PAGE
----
Posts tagged with “ipad”

A proper good-bye to Little Backup Box

Little Backup Box has been by far my most successful and popular project. But about two years ago, I chose to transfer it to a new maintainer, effectively abandoning the project. The other day, it occurred to me that I had never said a proper good-bye to my project. So here it goes.

As it often happens, I started working on the project to solve a problem I had: I didn't want to schlep around a laptop when traveling, but I wanted to have a backup solution to keep my photos safe. As Raspberry Pi had been making waves as a versatile platform for all kinds of projects, I thought I'd try to build a Raspberry Pi-based backup appliance that would replace a proper laptop. And over the years, various Raspberry Pi models running Little Backup Box served me well during my travels.

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Replace your camera app with something better

Theoretically, the app from your camera manufacturer is supposed to transform your mobile device into a versatile camera companion. In reality, most apps developed by camera makers are too limited and frustrating to be of practical use. Take SnapBridge from Nikon, for example. Geotagging, when it works, is slow at best. The file transfer functionality looks great on paper, but it supports JPEG files only. Worse yet, the app reduces the resolution of transferred photos to 2MP — most likely because transferring full-resolution JPEG or RAW files wirelessly would be excruciatingly slow. The app's only saving grace is the support for remote camera control (assuming you can even make it work reliably). But how often do you actually need this functionality? But if not the camera app, then what?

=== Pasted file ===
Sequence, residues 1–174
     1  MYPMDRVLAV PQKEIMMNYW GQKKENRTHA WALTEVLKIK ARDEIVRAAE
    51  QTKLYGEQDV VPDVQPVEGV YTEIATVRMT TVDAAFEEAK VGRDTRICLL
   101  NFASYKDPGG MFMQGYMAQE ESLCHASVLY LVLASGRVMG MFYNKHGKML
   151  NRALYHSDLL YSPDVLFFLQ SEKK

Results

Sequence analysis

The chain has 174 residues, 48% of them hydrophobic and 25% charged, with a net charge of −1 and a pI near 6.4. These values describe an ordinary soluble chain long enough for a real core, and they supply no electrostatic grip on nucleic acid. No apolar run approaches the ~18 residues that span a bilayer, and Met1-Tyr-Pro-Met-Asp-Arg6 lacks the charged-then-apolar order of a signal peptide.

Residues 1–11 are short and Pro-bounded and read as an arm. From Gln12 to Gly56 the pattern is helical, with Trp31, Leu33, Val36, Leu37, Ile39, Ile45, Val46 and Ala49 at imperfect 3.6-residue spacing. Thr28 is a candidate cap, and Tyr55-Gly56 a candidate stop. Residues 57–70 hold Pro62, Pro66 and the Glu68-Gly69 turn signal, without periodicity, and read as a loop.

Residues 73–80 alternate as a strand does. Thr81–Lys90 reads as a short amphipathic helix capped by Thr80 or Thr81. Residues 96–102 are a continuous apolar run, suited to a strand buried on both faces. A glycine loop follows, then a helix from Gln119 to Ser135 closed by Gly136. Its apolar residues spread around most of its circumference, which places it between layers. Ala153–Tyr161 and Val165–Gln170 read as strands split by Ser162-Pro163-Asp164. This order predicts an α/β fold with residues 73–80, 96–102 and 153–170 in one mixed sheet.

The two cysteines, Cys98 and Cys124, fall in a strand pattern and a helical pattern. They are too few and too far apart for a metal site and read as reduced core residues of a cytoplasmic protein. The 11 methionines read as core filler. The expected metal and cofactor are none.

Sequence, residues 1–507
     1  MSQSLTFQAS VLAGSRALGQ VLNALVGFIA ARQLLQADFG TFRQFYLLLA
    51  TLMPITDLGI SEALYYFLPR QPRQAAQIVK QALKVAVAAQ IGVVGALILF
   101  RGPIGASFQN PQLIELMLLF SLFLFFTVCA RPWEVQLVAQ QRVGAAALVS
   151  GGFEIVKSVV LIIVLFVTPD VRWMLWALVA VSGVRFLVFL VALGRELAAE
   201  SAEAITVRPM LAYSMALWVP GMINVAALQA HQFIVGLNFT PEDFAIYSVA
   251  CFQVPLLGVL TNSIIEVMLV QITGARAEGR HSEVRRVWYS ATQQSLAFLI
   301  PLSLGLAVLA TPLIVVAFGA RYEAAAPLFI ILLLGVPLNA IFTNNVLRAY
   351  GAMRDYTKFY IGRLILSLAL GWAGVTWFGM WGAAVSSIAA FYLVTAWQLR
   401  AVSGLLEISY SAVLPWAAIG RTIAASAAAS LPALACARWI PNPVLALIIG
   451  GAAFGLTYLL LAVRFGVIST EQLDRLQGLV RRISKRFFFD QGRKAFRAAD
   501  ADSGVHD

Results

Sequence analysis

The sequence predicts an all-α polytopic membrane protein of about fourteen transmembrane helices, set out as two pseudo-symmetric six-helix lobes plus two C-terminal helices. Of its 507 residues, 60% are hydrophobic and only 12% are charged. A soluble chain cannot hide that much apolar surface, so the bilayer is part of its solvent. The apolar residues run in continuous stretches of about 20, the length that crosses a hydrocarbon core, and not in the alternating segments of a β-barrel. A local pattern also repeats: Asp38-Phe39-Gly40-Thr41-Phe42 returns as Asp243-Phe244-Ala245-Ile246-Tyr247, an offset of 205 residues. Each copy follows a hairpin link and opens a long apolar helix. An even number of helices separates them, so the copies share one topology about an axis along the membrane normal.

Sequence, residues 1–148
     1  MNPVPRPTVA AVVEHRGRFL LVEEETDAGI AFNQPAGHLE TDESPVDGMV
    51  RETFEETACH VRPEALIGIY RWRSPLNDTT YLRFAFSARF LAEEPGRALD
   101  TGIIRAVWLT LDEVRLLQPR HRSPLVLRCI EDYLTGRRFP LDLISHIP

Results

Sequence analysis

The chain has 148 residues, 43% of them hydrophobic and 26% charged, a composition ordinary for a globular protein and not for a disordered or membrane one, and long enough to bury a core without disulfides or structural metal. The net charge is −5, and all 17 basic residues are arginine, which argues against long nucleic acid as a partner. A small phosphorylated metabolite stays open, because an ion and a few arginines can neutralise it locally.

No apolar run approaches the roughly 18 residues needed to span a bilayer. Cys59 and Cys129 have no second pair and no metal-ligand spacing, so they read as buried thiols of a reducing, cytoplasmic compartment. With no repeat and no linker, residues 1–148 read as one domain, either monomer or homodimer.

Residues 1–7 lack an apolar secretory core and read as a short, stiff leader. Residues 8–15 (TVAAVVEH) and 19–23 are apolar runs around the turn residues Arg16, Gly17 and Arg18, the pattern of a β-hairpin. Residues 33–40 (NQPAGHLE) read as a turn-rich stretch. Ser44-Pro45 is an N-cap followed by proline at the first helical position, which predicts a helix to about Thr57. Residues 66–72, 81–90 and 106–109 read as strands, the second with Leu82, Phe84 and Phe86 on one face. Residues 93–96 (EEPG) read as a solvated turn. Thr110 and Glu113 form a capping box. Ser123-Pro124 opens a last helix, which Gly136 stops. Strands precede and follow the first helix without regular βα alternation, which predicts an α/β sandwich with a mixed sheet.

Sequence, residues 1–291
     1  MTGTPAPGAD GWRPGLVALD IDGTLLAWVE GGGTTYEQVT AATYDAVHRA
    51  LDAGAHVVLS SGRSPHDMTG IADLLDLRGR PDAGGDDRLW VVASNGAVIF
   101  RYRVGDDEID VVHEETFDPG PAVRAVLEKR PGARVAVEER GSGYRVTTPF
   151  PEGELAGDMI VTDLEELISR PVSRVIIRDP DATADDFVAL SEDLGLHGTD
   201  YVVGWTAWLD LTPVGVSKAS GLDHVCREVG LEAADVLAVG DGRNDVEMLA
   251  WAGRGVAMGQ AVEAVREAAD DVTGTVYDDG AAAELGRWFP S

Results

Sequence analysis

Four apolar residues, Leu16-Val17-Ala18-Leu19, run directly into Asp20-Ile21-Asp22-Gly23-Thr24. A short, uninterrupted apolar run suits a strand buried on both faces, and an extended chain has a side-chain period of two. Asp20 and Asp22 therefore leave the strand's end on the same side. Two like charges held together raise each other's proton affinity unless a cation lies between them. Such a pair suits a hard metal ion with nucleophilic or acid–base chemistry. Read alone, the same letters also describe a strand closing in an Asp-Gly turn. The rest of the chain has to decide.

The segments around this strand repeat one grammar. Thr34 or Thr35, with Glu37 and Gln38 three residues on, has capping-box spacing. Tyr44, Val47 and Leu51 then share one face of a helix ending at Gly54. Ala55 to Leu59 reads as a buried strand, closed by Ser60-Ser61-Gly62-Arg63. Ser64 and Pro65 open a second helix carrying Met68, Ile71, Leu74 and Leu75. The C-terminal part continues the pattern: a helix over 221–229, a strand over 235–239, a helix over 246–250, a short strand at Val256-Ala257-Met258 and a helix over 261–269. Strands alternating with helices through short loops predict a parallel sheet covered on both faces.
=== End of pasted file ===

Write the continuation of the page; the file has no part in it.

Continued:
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Turning an iPad or an iPhone into a Linux-based photography companion

If only an iPad or an iPhone could run Linux tools like Rsync, ExifTool, ImageMagick, etc., you wouldn't have to schlep around a Linux notebook when traveling, especially if your photographic needs are limited to keeping your photos and RAW files safe.

iPad, USB-C hub, Nikon D800

Enter iSH, an app that bestows Linux powers on Apple devices. Once installed, iSH offers a Linux environment that gives you access to a plethora of Linux tools. More importantly, iSH can access the iPadOS and iOS file systems and external storage devices connected to the iPad or the iPhone. This means that you can run commands and scripts in iSH to back up data from a storage card connected to the Apple device. Better still, if you use a USB-C hub that features both a card reader and USB connectors, you can back up data directly from a card to an external USB storage device, bypassing the iPad's or iPhone's internal storage.

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